After much study of esoteric teachings (H.P. Blavatsky, Gurdjieff, Ouspensky, Alice Bailey), and experimentation with theories of energy, notably the work of Wilhelm Reich, in 1958 he was told by a friend that he was receiving "messages." Some of these messages contained advice, guidance, spiritual instruction. He was not told the identity of the "Master" who was giving the instruction. Then, in 1959, he was given a specific message about the return of Christ. He continued studying for 13 years, and then in 1972 he began an "intensive period of deglamorising, disillusioning, training and preparation." For months, he says, he worked with the "Master", sometimes for 20 hours a day, deepening and strengthening the "telepathic link" between them, "without the slightest infringement of my free will." He also found that he could heal mentally. In June, 1974, there began a series of messages about the reappearance of the Christ and in 1975 he was "given a push" to go out and make his information public.

His book and talks are the result of the "push".

His esoteric view of history that is the background to his statements about the Christ makes fascinating reading.

The Christ's reappearance, he says, is as the "avatar" — or world teacher — for the "new age" dawning, the age of Aquarius. Esotericists see the return of Christ not so much as a new "savior" — although there is an element of that, as outlined above, in the face of the world's seeming readiness to blow itself up. More, it is seen as an "evolutionary" event, the inevitable beginning of a new cycle.

In terms of world history, Mr. Crème says, we are in a transitional stage between two great cycles, that of Pisces of the past 2000 years and the new one of Aquarius, in which the solar system comes into alignment with the constellations of Aquarius and we are subjected to a great stream of energies from that constellation.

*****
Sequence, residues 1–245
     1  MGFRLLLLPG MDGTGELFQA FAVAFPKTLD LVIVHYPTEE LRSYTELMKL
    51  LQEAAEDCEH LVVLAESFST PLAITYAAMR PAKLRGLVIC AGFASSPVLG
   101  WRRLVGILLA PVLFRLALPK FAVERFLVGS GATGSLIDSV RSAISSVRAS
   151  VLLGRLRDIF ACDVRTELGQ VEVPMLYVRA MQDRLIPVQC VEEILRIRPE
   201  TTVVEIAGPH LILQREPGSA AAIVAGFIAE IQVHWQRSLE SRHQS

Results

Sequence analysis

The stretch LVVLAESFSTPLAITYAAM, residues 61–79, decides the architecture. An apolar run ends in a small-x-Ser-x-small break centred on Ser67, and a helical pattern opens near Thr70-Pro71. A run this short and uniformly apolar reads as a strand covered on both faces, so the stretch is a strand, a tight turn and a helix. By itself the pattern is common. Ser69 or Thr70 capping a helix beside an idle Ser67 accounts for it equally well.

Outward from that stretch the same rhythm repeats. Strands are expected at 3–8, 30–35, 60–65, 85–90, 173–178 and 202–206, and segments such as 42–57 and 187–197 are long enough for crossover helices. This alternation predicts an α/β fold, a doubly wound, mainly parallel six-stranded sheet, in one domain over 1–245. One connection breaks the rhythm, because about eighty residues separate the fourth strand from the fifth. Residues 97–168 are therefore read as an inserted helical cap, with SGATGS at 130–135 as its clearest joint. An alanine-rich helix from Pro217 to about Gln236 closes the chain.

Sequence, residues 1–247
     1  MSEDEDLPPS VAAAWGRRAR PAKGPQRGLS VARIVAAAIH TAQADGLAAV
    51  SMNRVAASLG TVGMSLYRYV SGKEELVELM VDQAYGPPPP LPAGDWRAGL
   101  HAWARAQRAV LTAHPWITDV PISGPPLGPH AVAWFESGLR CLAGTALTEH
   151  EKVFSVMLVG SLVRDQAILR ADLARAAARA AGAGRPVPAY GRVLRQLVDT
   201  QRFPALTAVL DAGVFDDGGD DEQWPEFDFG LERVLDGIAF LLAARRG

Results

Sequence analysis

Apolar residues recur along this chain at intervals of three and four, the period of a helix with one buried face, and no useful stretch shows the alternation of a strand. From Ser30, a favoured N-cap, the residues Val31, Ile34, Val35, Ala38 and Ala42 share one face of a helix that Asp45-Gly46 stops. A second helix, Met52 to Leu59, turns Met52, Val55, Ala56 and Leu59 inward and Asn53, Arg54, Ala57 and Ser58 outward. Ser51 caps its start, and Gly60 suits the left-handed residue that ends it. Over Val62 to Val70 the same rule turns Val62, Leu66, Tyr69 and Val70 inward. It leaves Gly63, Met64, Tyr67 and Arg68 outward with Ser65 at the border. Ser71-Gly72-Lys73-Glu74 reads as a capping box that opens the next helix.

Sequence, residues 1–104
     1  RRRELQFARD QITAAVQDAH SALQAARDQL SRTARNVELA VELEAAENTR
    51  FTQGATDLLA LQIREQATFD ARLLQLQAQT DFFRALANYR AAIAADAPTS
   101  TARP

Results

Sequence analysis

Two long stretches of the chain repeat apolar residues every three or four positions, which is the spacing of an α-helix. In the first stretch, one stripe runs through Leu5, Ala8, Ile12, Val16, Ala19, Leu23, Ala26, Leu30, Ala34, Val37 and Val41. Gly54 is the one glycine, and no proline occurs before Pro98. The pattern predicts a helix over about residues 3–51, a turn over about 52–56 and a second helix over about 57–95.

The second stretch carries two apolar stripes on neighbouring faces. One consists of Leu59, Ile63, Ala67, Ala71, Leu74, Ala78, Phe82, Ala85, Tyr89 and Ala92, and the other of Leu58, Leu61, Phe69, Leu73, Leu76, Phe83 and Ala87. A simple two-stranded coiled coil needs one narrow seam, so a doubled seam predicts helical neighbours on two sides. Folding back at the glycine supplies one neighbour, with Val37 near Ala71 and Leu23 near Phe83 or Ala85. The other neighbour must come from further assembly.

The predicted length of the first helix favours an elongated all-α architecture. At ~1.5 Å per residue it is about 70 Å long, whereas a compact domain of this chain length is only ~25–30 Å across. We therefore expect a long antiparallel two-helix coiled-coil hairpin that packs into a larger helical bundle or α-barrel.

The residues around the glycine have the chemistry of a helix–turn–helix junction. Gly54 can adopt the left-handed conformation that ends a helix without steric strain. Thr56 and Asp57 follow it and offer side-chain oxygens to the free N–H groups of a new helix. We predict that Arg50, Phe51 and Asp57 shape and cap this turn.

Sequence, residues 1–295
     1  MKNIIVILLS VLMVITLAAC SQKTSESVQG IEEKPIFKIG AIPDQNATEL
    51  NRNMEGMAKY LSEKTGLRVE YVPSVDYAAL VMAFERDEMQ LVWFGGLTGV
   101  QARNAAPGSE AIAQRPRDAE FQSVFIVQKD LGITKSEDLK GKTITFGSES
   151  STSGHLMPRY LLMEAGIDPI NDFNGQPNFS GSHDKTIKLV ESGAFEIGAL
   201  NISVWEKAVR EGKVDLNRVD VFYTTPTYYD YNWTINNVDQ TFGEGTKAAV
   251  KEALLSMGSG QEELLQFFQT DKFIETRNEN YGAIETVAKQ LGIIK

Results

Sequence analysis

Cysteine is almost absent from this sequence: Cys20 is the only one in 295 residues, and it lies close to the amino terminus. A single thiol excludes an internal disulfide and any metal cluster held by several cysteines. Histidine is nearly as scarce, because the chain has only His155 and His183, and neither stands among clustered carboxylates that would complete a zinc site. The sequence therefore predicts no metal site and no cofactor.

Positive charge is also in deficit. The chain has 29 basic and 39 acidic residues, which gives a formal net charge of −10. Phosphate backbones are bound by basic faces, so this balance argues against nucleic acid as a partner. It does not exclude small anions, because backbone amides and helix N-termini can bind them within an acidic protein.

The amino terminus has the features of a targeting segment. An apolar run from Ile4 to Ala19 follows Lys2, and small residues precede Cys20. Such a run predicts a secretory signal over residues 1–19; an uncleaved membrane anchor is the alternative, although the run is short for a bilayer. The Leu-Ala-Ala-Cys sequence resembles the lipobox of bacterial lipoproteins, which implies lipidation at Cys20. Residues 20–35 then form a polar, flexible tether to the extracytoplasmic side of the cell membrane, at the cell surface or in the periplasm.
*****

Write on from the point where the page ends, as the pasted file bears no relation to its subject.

"What we are witnessing is the imbalance created by the action of these energies on our existing structures and organizations." While the age of Pisces has brought great discoveries, particularly in science, it has also brought economic and political structures that no longer fit us any more, and are now in a state of total imbalance — hence their gradual destruction.

To inaugurate the new age of Aquarius, to show us the way forward into greater brotherhood and sharing, the Christ is returning.

Two other assertions in the wide-ranging book are intriguing — ones that may stir frenzy in some pulpits. One is that behind humanity there have always stood divine men, "the enlightened Masters" living in remote places who have attained their perfection "through the evolutionary process" (which implies that we are all going through it, too). Their existence, he says, was revealed more than 100 years ago by the famous mystic, Madame Blavatsky. "They have been the guardians, guides, the mentors of Mankind" who, through their love of humanity, have overseen our evolution as the "inner government" of the planet.

"At their head is the one we in the West call Christ ... and as Christians await the return of Christ, so Buddhists await the return of another Buddha. The Jews await the Messiah, the Moslems the Imam Mahdi, the Hindus the return of Krishna.

"Esotericists know them all as one being, the world teacher, the supreme head of the spiritual hierarchy of Masters."
.  .  .

His second assertion, in relation to the above, concerns Jesus. Jesus was not, according to the esoteric point of view, the one and only Son of God. But through him, by taking over his body, the Christ revealed to the world the nature of God, as never revealed before, at the dawning of Pisces 2000 years ago. And when the Christ and the Masters reappear, this relationship will be understood and the controversy, now raging in some sections of the Christian Church, about just who Jesus was — God or man, divine or human, or both — will be resolved. Because this time the Christ is coming himself.

"They will be seen standing side by side, the Christ himself and the Master Jesus."

Well. If Mr. Crème is correct it will make the current controversy over The Blood and the Holy Grail seem like a storm in a church chalice —and no doubt elucidate that book's similarly extraordinary hypotheses (about the person of Jesus and the possibility of a new religious leader secretly emerging in Europe).

What if he's right? And if it's not Christ, who is this man who is allegedly emerging now as a public figure?

We should know by June.

The Reappearance of the Christ and the Masters of Wisdom. Tara Press. London. $5.95.